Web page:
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Editorial Giving Thanks for the Rail Strike


Giving Thanks for the Rail Strike

It is not a frequent thing to find support for public strikes in the pages of the English Churchman but we will make an exception for the one scheduled for this Saturday, 8 October.

Our gentle readers are right to ask, Why?

The reason is simple.  It will make it very difficult for people to go to the Prayer Book Society’s stand-in service for the rescheduled 50th Anniversary service.  The natural follow-up question is easily anticipated.  Why is that a good thing?

Let us endeavour to explain.

For some time, plans have been in place to hold the service at Westminster Abbey on that date. Recent events and the RMT strike has necessitated a stop-gap service move to St James’ Garlickhythe.  

The service was to be a utilisation and celebration of our unmatched Book of Common Prayer and its liturgy and the Society dedicated to its propagation.  Some even anticipated the usage of congregational hymns that would enable the entire congregation to participate in thanksgiving and praise rather than observe others doing so.  There is still hope for that, but it seems there is little hope that the assembled congregation will hear a sermon worthy of the occasion.

Why? Because the revisionist Bishop of Southwark is to be the preacher.

We asked Mr Bradley Smith, the current Chairman of the Prayer Book Society as to why the Bishop of  Southwark was chosen to speak at this stop-gap service.  He replied, 

“Shortly after the announcement of the RMT strike, the Trustees agreed, with great regret, to postpone the national celebration since hundreds of our members simply will not be able to get there. It was also agreed that a different event should be arranged for the benefit of local members (the London and Southwark Branch) plus members who have already booked accommodation or planned a longer stay in London. We have always been clear that this is not a replacement for the 50th anniversary celebration at the Abbey.  

“Since the Bishop of Southwark was planning to attend the service at the Abbey, and knowing that his journey to Garlickhythe would be possible, the Trustees present at the meeting agreed to our President’s suggestion that he be invited to preach. Therefore the invitation was issued, and the Bishop accepted.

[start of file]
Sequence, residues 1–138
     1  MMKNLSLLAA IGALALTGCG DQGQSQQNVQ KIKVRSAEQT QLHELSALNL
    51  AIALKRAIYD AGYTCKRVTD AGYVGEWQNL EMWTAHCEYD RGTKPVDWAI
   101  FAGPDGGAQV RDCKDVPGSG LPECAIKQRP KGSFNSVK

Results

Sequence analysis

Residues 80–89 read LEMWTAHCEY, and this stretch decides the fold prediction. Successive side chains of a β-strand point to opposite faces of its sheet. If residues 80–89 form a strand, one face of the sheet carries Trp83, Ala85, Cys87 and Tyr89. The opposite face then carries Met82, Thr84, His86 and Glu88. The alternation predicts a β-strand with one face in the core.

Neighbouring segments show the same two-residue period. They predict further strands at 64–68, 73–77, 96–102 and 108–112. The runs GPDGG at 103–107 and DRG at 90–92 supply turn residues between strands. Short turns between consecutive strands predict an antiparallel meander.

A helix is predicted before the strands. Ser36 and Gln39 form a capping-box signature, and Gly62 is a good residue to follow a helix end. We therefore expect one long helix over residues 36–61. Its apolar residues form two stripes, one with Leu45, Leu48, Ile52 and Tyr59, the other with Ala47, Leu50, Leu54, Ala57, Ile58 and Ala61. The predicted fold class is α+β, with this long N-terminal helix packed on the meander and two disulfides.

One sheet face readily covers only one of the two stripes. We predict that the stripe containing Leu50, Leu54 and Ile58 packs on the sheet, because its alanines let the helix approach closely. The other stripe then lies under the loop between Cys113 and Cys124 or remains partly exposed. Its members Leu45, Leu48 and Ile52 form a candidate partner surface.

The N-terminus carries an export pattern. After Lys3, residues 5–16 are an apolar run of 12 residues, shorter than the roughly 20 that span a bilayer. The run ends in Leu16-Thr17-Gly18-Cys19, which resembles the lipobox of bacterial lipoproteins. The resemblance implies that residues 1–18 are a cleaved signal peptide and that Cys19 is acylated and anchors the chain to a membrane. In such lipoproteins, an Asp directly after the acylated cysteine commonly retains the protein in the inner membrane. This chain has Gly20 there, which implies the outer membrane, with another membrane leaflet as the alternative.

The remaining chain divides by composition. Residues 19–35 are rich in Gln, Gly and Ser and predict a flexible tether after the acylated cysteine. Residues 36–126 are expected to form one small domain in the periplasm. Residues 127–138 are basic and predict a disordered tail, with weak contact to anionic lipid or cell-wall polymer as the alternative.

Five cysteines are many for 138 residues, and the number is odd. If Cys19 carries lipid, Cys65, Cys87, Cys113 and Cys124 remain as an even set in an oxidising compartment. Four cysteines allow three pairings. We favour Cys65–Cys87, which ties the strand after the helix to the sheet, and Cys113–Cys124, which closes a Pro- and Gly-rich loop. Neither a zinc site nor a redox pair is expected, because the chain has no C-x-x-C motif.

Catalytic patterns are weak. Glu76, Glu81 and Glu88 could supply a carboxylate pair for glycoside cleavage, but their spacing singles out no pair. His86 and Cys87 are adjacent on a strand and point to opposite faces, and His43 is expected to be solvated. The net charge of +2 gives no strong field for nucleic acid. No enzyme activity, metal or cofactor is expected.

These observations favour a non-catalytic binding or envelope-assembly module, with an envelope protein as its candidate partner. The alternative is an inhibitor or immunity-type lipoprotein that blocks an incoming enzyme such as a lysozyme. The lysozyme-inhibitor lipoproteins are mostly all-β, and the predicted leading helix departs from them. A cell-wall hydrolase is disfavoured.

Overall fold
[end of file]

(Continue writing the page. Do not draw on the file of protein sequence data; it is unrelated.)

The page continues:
“We have no idea when the 50th anniversary service will be held, but we expect it to be some time in 2023. It will not be held on 8th October 2022.”

It would seem that convenient accessibility was more important to the Trustees than orthodoxy.

The Bishop of Southwark openly supports the LGBTQI agenda.  One of his recent ordinands, Deacon Charlie Bell, is an outspoken proponent of that wing of the Church.  He has even written a new book called Queer Holiness.  The bishop knew this before he ordained Bell to the diaconate.  He has been anything but shy and retiring in his promotion of sin. If he has received a reprimand from his bishop, it has not been made known.

According to Bell’s alma mater, the St Augustine’s College of Theology website, “Charlie faces these issues head on.  His thesis is simple—to reject the overwhelming scientific and experiential knowledge about LGBTQI people is no longer valid.  The liberation of LGBTQI people is not only for LGBTQI people—it is a task for the whole people of God.” 

Did you notice how that biblical revelation was not considered?  For Bell, experience rules revelation like ease of access over-ruled biblical orthodoxy for the PBS Trustees.

The Bishop of Southwark knowingly ordained someone who openly held theological views contrary to the keeping of his ordination vows and has declared what God has called evil, good.  The Seventh Commandment has been made optional.  His reward, to be the featured preacher at a service proclaiming the faithfulness of God’s Word in the BCP.  So much for his consecration vow “to drive away all strange and erroneous doctrine” from his diocese.

That is a warped idea.

We find it difficult to understand as to how inviting someone to speak, who is known for heterodoxy, goes along with the stated purposes of the PBS which is, “for the promotion of the worship and doctrine enshrined in the Book of Common Prayer and its use for services, teaching and training throughout the Church of England …”

We realise that some view members of the Prayer Book Society as Religious Historical Re-enactors rather than those committed to the biblically faithful worship found in the BCP.  However, the PBS’ raison d’être is to promote the use of the BCP precisely because of its content—not the manner of prose used to say it.

Whilst we are perplexed by the invitation of Bishop Chessun to be the speaker, we are not without consolation.  Our consolation in this matter stems from two things.  One, the RMT strike will keep large numbers from easily travelling to the service and so large numbers will not hear the sermon. Secondly, we know that if the service sticks to the liturgy of the Book of Common Prayer, which you would think would be a given, those in attendance will hear the Gospel proclaimed and explained…even if the sermon is a contrived piece of episco-speak.

The Trustees have a lot to consider in re-scheduling the big anniversary service.  Dues paying members do too. We pray for both groups.